Most Scala developers are familiar with implicit type conversion which grants the Scala compiler the ability to automatically convert any type
B at compilation time.
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case class Person(name: String, age: Int) implicit def personToInt(p: Person): Int = p.age def increment(i: Int) = i + 1 val john = Person("John", 23) val johnsAgeNextYear = increment(john)
One area where this abstraction leaks is when applying a function. The following is NOT possible solely by the
val people: Seq[Person] = Seq(Person("John", 23), Person("Sally", 38)) val agesNextyear = people.map(increment)
At first glance this seems like a short coming. Scala knows how to implicitly convert from
Person => Int.
val people is a
Seq[Person], therefore it should be possible to map that collection to a
The problem, however, isn't that Scala doesn't know how to do
Person => Int. Instead it is that
map is expecting a function of type signature
Person => B and
increment is actually
Int => B.
It turns out this can be resolved by defining a second implicit conversion:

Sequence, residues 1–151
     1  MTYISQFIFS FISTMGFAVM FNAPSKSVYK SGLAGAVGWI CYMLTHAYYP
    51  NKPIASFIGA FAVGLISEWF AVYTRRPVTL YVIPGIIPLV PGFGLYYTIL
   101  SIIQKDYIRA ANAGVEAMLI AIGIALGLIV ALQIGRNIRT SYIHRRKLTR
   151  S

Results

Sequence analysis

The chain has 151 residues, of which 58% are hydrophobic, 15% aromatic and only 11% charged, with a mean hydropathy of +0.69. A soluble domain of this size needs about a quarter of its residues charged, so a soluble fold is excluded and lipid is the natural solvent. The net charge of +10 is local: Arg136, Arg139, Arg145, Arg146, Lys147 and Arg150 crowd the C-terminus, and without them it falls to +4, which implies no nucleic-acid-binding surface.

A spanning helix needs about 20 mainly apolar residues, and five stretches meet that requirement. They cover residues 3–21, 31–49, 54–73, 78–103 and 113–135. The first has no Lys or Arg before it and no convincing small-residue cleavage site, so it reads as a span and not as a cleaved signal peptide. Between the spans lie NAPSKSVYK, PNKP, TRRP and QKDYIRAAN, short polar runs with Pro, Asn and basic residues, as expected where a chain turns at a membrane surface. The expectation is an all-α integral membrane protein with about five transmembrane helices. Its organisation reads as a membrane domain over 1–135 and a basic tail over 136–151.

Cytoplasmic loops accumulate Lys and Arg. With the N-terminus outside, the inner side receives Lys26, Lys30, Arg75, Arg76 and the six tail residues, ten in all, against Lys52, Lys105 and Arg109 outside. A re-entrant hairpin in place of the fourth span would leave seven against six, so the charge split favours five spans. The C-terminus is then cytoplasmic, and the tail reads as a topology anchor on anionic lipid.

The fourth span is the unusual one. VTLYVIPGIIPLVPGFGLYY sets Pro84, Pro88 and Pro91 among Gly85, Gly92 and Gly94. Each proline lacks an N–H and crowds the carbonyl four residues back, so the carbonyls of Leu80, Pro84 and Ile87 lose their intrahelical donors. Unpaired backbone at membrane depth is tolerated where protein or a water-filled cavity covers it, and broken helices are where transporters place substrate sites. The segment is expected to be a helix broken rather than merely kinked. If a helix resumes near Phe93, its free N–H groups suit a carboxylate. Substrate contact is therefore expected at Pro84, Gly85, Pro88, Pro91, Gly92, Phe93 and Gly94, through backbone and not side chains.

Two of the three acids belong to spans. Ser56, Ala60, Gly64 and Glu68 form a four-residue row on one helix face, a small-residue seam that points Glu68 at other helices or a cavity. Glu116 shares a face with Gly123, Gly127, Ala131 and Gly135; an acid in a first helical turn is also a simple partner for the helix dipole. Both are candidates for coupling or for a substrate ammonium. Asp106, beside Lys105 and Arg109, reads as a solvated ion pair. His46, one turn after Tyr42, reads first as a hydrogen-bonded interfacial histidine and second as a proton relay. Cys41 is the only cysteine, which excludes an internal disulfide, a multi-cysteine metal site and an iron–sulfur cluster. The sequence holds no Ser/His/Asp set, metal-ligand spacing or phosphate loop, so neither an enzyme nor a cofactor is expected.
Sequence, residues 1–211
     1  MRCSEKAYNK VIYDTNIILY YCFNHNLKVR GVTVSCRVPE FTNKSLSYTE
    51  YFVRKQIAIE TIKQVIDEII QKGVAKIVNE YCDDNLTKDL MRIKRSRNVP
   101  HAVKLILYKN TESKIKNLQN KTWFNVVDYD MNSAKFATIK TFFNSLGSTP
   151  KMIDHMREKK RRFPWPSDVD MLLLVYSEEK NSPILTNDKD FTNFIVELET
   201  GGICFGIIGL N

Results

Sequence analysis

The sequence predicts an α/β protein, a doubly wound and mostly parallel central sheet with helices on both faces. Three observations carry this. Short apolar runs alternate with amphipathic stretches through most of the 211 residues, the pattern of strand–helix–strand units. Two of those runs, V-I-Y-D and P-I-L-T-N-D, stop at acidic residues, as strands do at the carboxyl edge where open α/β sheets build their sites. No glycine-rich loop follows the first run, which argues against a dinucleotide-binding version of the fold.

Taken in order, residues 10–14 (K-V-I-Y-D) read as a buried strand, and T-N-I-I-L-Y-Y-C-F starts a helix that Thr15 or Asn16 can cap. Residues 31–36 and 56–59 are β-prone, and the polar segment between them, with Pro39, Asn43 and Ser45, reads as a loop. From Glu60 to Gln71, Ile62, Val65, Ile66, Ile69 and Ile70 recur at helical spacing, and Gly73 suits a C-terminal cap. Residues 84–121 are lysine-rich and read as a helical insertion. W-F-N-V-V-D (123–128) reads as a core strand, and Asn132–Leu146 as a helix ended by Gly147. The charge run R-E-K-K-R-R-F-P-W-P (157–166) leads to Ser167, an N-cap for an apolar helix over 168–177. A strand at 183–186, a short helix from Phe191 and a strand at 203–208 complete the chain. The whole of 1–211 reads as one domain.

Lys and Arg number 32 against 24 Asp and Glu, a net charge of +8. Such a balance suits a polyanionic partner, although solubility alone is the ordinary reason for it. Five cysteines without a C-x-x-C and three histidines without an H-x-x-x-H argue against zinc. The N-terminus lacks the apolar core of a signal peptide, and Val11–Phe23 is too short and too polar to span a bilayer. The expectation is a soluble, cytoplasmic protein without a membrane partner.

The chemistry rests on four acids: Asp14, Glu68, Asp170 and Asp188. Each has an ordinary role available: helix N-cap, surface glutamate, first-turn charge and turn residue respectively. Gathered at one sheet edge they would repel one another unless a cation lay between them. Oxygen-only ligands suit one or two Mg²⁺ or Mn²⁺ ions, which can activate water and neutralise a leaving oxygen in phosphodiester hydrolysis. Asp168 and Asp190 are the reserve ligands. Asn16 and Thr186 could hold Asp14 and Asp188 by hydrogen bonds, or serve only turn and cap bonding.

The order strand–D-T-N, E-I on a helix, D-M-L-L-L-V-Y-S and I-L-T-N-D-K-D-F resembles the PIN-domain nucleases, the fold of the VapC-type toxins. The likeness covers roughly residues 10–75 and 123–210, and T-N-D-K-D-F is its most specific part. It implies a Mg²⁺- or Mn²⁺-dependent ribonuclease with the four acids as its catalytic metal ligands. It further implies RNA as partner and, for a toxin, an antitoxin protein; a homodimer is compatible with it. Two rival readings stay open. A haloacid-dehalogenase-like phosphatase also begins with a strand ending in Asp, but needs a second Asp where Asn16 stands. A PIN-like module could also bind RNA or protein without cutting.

implicit def intFunc1ToPersonFunc1[R](f: Int => R): Person => R = (p: Person) => f(p.age)
Scala now has two implicit functions, one to
Person => Int and a second to
(Person => B) => (Int => B). It's now possible to apply
increment when mapping a
Seq[Person] because Scala will implicit convert
increment to a function that takes a
Person and returns their age plus one.
val agesNextyear = people.map(increment)
There's a bit of a problem with the
def intFunc1ToPersonFunc1 however: it repeats the same logic of conversion that is already in the
implicit def personToInt. It would be better to describe that conversion once, and use it wherever needed.
implicit def intFunc1ToPersonFunc1[R](f: Int => R)(implicit convert: Person => Int): Person => R = (p: Person) => f(convert(p))
Now any conversion from
Person => Int can be used, as long as it is in scope.
In fact, this approach could be used to generically allow any implicit function conversion for all types that have an implicit conversion defined for them.
implicit def aFuncToBFunc[A,B,R](f: A => R)(implicit convert: B => A): B => R = f.compose(convert)
(b: B) => f(convert(b)) is the same thing as
Global implicit type conversions that work on all types can sometimes cause unpredictable bugs. Be careful how this is used.